Since starting work under Progrium Technology Company, I've had a single objective: to build a system called Tractor. It's what I've been slowly approaching in my dense 22 year career as an independent programmer. The Tractor System is still hard for me to describe at this stage, but its goal is to make building production-grade personal software systems like building with Legos: fast and fun.
After a difficult year heads-down in 2020, I started posting here in January with the intention of sharing and officially releasing components I've been working on that are building up to Tractor. Besides warming up for when I'd eventually talk about Tractor, I wanted people to see how I make independently useful building blocks towards an ideal. That's a core part of the Tractor philosophy.
Let's review what I've shared so far, and then set up what's coming in the next 6 months.
The first big release of the year was the macdriver project, which got a significant response on Hacker News. It gives us Objective-C and Apple framework bindings for Go, letting you build simple Apple apps entirely from Go. That wasn't possible before, so it was a little exciting, but it was early. The native Go APIs included for commonly used Foundation and Cocoa classes were far from complete. They could still be used if you knew what you were doing, but with an ideal of total coverage of Apple frameworks, that wouldn't be enough. There were also unresolved issues just deciding how to best manage memory and pointers, which I knew would fall on me to figure out and take some time.
Luckily I've since gotten a colleague involved in the company, and he's been helping push macdriver towards a real beta. Part of this was made possible by a project I spun out of macdriver and posted about, though again in a very early state. That project was macschema.
With the macschema toolchain, you can generate API schemas about any Apple framework, class, function, etc based on their documentation and header declarations. This is useful for us in generating framework bindings in macdriver, but it would be useful for any project doing similar work, such as bindings for other languages. This sort of approach will play a big part in how Tractor will integrate with "whatever we want" down the line.
Along the way, I released a few demos for macdriver to make clear the possibilities and provide reference examples. One of them I spun off into a standalone project called topframe, which is also serving as a test bed for how we are doing cross-platform support. More on that in a moment.
Unrelated to macdriver, I released a protocol called qmux with a post explaining why this (but really any) muxing protocol, including and especially QUIC, is such a great primitive for network programming. The project came with two implementations, Go and TypeScript, with more on the way. The post about it was the first explainer article I'd done in a while and people liked it. This was important because the idea behind it was really more valuable than the protocol itself, but regardless we still need implementations of it to exist. To show the idea in action, I built a 130 line version of Ngrok, which turned into a great post walking through how it works.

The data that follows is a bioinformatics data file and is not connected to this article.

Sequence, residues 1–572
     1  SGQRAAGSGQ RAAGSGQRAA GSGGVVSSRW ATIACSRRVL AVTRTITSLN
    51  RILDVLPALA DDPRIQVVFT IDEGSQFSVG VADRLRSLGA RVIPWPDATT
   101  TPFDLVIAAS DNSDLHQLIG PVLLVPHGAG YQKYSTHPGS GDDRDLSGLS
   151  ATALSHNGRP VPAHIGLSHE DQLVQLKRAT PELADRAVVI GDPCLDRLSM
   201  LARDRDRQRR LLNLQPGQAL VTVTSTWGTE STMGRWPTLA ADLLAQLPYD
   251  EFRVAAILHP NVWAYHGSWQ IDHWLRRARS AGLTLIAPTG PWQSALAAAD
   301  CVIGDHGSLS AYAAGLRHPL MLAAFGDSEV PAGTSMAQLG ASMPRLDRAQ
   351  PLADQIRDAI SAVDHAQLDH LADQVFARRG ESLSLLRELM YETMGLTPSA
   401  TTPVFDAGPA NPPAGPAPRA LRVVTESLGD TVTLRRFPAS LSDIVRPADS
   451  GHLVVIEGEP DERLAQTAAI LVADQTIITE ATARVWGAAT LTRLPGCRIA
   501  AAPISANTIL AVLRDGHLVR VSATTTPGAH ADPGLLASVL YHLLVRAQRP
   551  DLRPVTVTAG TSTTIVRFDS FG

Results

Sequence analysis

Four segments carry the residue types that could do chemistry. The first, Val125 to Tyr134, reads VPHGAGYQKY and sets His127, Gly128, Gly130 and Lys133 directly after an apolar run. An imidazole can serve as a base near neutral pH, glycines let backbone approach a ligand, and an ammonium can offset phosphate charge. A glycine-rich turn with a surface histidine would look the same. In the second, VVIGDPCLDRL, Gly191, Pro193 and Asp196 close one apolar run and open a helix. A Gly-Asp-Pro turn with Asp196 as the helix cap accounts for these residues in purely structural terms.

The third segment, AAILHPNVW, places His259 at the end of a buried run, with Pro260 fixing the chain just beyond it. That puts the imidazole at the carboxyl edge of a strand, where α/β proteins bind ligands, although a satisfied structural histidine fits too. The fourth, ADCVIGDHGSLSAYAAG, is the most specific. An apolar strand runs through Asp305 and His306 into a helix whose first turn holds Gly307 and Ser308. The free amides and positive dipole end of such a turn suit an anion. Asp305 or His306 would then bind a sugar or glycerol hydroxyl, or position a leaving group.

That brings us to today, half way through 2021. Let's talk about what's coming.
More exciting than qmux is what we built on top of it, which is called qtalk. This is my meticulously designed, re-written-several-times network/IPC programming stack. While not that different from just JSON-RPC with pluggable codecs, its two unique features are callbacks and streams. Callbacks means its bi-directional, either side can expose or call methods. Just that alone is something rare in existing RPC stacks, but necessary for callbacks. And while streaming RPC is not new, our streams are full virtual connections, so you can stream more RPC results, arbitrary byte streams, or tunnel something else like a database connection. I'll share more about the possibilities when it's released.
So in the second half of 2021, we'll see qtalk, we'll see a major update to macdriver, and then with those two parts we can release shelldriver. This is a cross platform API to platform specific resources like windows, dialogs, menus, etc. It's about native GUI shell integration, it's not about having every native UI component. In fact, for app UI it really focuses on windows and webviews, a la Electron. Unlike Electron, it can be used from any language that has a qmux and qtalk implementation. The result should be a simple "Electron but as a library" that you can use from Go and other languages.
Once shelldriver is out I will be able to finally start talking about the first real piece of the Tractor system: Tractor Toolkit. I hope to have at least a public demo by the end of the year. The Toolkit is already being shown to friends and sponsors. The work I've shared so far is just the tip of the iceberg.
Which reminds me ...
I really, really have to thank my sponsors. As things are ramping up, I'm starting to work with more people and this is all self funded. Not only does sponsorship support all this open source work, but sponsors get early access to Tractor Toolkit and see more of what I'm up to.
Also to you, thanks for reading and following along. I'll be back soon with more releases.
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